Asphalt plant transferred to Harbour Bridge – Benn

The Bitumen (Asphalt) Plant, purchased and installed at a total cost of $169 million in July of 2009 was transferred to the Demarara Harbour Bridge (DHB) Corporation after operations ceased in July 2013.

This transfer was effected on August 1, 2013 from under the purview of the Transport and Harbours Department (T&HD). However, the plant still remains at its original Garden of Eden, East Bank Demarara location. Public Works Minister Robeson Benn, in a written response to questions asked by APNU MP Annette Ferguson in Parliament on Thursday last, said the operations of the plant had ceased because of a lack of competent and experienced personnel within the T&HD to manage the plant.

According to a letter dated October 2009 and written by then acting permanent secretary in the Ministry of Public Works Leslie Wilburg, the plant was sourced from India after considerable discussions were held with national personnel and was purchased from Vinayak Road Equipment. Addressing concerns about its ability to function, Wilburg wrote, “Notwithstanding the frequency difference of 50HZ/60HZ in terms of the equipment/utility supply, respectively, it was confirmed in writing by the supplier (Vinayak Road Equipment) that the system design allows for the plant’s safe and sustainable operation within the current frequency limits. This is also the view of the Ministry of Public Works and Communication’s experts and it is apt to note that the 50/60 HZ configuration allows for the removal and set up of the plant on a generator for large out of town projects where a main supply is unavailable.”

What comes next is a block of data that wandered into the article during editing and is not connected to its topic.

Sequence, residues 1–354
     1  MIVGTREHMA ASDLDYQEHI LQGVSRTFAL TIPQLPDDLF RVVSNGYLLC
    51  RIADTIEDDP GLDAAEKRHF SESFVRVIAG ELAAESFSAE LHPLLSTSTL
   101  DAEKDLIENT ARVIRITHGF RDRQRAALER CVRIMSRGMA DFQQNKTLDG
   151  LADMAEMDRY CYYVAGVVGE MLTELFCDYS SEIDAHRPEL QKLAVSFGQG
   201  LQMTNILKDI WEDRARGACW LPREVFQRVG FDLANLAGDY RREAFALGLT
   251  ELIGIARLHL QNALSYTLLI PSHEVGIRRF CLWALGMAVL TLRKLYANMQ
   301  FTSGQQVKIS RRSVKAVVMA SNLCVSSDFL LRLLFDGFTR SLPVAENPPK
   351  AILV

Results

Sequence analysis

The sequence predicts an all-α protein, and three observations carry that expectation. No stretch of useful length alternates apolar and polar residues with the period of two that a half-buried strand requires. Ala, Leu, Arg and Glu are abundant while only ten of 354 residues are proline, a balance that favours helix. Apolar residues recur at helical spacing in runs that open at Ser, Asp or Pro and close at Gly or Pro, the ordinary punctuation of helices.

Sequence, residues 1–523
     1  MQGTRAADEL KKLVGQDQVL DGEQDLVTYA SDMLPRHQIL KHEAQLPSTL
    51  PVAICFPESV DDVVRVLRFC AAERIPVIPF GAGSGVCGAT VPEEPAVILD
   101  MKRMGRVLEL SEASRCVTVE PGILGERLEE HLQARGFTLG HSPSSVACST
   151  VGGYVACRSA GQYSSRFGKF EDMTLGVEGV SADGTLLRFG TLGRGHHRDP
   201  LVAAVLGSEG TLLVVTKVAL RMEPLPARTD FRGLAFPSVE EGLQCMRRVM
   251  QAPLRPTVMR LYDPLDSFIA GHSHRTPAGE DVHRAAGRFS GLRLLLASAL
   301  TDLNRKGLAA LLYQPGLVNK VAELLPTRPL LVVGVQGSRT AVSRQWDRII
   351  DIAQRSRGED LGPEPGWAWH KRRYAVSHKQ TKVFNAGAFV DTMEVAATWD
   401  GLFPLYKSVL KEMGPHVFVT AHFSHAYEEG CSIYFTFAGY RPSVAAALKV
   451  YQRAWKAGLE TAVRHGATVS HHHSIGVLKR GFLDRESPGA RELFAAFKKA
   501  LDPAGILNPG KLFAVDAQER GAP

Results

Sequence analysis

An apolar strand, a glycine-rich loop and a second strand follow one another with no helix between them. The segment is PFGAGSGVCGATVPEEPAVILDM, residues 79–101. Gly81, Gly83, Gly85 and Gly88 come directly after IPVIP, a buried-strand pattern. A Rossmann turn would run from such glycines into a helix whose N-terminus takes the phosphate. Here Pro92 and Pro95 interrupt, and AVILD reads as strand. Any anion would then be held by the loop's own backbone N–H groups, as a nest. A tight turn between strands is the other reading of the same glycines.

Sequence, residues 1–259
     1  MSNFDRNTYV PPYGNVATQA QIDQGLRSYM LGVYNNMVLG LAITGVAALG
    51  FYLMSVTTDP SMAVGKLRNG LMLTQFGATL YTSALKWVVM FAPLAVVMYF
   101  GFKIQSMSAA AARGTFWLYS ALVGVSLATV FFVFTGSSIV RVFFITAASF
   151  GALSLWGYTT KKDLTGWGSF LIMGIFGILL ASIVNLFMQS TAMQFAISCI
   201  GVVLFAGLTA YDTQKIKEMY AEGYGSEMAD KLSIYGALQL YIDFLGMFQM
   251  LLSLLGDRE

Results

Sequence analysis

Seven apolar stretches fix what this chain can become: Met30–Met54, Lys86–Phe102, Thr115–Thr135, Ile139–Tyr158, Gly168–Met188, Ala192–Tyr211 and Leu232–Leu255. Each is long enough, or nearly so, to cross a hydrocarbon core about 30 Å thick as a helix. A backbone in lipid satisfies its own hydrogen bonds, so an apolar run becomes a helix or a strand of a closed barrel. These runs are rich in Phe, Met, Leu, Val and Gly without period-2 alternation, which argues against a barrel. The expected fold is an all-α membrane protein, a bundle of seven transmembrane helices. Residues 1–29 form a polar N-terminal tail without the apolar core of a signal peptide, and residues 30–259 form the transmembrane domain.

The plant was bought to boost the asphalt production capacity of the T&HD since the 35-year-old plant it had at the time had experienced consistent downtime which stymied production.

Ferguson had questioned the expenditure of $65.6 million on bitumen. However, in his response, Benn wrote that bitumen was not purchased. He explained that the sum represented $37.1 million paid by the Public Works Ministry and $28.4 million paid by six contractors to the T&HD for asphaltic concrete. This was never honoured, he said and the money was subsequently refunded to the ministry and the contractors.

Meanwhile, the current state and future of the asphalt plant is unknown as efforts to contact Benn and DHB General Manager Rawlston Adams proved futile.

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